As the number of active COVID-19 cases in Toronto continues to fall and a “new normal” begins to emerge, I would like to take this opportunity to provide a brief update on several initiatives in Leaside.
I know many Leasiders are concerned about traffic infiltration and road safety, particularly for children walking to school. As the former Chair of Transportation, I introduced Toronto’s first-ever comprehensive Vision Zero Road Safety Plan in 2016. In my first year as your councillor, I worked with the community to reduce Leaside’s speed limits and initiated a comprehensive Traffic Management Plan for the neighbourhood. While Transportation staff are waiting for traffic levels to stabilize before beginning data collection, I’m pleased to confirm that the stakeholder engagement process is well underway. We will continue to keep you updated.
Automated Speed Enforcement (ASE) in school and community safety zones is a critical part of our road safety plan. Once the province permitted Toronto to move forward with an ASE program, I directed Transportation staff to double the number of cameras across the city. In January, one of the first ASE units in Toronto was installed on Bessborough Drive, between Field Avenue and Sharron Drive. While provincial legislation prevented the City from issuing fines to drivers for several months after the system was rolled out, I’m pleased to report that as of July 6, 2020, tickets were set to be issued to offending drivers.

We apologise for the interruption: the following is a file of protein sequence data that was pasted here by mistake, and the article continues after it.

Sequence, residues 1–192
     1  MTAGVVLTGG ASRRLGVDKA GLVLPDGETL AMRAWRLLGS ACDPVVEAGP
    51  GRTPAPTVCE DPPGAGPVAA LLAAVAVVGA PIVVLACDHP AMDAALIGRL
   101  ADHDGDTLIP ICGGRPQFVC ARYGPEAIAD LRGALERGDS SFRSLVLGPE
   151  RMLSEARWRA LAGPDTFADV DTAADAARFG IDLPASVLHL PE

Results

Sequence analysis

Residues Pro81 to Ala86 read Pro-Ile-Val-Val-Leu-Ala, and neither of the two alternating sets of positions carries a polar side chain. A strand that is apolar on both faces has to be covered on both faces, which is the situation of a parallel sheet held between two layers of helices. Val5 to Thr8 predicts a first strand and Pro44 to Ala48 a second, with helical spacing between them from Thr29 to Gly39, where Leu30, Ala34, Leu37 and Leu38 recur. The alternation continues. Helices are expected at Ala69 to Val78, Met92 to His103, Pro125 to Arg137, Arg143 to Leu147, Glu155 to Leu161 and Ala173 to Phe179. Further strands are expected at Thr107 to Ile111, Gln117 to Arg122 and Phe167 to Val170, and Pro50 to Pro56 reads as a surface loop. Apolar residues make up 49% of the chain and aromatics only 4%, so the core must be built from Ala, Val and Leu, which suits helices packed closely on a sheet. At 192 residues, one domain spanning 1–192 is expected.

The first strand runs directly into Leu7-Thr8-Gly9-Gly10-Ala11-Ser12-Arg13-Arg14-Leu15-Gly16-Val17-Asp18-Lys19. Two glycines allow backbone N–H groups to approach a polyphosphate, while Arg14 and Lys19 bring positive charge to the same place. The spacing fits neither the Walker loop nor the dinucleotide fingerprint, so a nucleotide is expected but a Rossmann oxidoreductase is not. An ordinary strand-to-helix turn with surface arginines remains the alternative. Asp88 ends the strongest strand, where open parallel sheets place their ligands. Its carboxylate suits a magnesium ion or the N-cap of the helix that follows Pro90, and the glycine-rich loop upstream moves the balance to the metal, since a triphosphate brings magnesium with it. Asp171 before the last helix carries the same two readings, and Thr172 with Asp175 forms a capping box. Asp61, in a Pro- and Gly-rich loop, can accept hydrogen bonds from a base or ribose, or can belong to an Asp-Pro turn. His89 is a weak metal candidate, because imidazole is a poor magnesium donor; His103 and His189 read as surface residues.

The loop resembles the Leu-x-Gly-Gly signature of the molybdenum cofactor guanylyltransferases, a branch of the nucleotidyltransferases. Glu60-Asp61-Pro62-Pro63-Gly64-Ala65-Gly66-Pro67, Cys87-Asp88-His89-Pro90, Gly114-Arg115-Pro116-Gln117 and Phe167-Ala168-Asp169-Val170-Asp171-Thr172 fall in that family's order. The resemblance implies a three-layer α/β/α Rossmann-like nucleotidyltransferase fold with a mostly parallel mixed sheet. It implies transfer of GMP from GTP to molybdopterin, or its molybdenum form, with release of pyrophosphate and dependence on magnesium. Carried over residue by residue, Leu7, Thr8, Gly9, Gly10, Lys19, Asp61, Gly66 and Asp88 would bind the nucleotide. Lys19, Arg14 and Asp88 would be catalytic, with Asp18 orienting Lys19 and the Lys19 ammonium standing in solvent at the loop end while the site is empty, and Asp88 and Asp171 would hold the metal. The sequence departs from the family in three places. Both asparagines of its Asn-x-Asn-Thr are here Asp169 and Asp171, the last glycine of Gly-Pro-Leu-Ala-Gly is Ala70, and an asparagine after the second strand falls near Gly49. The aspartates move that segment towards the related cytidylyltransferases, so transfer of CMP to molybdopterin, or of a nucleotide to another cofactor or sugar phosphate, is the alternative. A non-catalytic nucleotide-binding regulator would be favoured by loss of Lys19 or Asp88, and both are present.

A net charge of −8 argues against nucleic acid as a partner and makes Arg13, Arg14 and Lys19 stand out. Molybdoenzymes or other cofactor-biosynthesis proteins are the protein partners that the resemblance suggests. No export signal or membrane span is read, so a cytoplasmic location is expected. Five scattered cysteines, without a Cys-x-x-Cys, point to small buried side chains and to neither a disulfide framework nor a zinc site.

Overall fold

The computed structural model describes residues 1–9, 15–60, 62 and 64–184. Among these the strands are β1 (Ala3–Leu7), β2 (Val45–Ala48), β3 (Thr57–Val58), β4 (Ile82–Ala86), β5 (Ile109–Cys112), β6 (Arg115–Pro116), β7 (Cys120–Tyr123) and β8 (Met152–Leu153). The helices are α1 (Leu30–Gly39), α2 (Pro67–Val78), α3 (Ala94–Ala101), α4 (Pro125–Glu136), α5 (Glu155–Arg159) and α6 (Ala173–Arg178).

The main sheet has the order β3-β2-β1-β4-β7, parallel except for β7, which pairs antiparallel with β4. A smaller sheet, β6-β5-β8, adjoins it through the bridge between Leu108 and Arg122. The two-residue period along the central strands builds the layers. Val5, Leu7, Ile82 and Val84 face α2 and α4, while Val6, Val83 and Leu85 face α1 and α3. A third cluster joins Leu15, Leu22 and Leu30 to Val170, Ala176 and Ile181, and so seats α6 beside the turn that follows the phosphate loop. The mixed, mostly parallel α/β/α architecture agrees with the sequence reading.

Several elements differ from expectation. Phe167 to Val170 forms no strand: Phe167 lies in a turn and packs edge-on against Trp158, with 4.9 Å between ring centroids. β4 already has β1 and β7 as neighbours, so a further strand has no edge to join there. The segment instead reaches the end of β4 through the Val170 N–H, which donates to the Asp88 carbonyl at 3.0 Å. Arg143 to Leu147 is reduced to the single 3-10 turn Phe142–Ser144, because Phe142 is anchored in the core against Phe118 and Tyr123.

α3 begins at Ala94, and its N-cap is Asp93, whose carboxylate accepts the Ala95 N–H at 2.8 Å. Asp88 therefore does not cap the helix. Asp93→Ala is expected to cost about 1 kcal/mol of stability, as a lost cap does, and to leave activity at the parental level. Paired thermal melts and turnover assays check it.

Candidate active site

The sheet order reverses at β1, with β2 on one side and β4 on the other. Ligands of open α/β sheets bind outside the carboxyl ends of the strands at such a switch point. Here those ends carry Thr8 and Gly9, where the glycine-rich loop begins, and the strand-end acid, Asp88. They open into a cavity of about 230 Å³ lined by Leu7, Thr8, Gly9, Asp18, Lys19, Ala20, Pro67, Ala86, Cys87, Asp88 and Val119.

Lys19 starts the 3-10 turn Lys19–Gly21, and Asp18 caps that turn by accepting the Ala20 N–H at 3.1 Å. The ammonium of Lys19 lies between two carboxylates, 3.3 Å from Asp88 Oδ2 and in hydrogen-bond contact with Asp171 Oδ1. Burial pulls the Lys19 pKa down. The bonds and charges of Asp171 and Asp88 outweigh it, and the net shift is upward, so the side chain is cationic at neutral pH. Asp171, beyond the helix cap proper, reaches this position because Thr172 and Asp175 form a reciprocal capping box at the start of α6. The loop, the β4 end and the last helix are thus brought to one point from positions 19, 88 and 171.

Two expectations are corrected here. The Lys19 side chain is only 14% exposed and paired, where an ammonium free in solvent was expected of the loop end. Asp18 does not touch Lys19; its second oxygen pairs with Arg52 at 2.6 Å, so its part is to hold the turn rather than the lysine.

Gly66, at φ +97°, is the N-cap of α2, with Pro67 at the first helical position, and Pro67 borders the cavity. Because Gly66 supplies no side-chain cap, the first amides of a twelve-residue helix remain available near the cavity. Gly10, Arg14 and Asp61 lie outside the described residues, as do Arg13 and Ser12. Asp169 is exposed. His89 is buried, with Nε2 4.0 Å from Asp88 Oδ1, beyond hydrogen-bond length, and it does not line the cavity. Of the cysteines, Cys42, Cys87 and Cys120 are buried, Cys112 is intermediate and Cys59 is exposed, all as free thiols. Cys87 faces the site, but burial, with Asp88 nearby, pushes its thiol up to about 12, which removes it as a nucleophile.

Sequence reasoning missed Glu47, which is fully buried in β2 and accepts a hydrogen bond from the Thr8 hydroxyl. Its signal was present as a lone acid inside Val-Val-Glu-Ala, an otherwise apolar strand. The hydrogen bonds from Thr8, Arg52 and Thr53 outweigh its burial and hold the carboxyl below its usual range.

In October 2019, I wrote a column in Leaside Life about the standing pool of water at 70 Wicksteed Ave. – many of you will know this site as “Lake Leaside.” This year, my team once again facilitated the dewatering and shoring repair process. In tandem, we have urged the developer to undertake a full site restoration to permanently remedy this longstanding issue. As a result, the developer has advised that a new site plan is in the works, anticipated to be submitted to the City shortly. I firmly believe that the property should be restored to the pre-excavation state if a long-term plan does not happen soon.
Finally, I’m pleased to advise that the Trace Manes Park and Georgia Walsh Memorial Playground Project is moving forward, and City staff anticipate the work will be completed by the end of the year. At the time of writing, a vast majority of the concrete work had been completed – including footings, curbs, the crawl tunnel, and climbing wall in the playground. I know we’re all looking forward to this meaningful addition to the community.
The summer of 2020 has certainly been very different for all of us, but I would like to thank you for your continued support and engagement. As always, please do not hesitate to contact my office if you have any questions, concerns, or suggestions. jayerobinson.ca